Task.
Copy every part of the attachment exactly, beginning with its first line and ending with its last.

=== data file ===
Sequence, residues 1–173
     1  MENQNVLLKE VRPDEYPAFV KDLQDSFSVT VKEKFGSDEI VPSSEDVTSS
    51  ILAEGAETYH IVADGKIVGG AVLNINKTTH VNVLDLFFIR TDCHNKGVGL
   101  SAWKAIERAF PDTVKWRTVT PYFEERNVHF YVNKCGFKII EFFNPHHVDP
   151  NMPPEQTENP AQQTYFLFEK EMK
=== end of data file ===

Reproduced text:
Sequence, residues 1–173
     1  MENQNVLLKE VRPDEYPAFV KDLQDSFSVT VKEKFGSDEI VPSSEDVTSS
    51  ILAEGAETYH IVADGKIVGG AVLNINKTTH VNVLDLFFIR TDCHNKGVGL
   101  SAWKAIERAF PDTVKWRTVT PYFEERNVHF YVNKCGFKII EFFNPHHVDP
   151  NMPPEQTENP AQQTYFLFEK EMK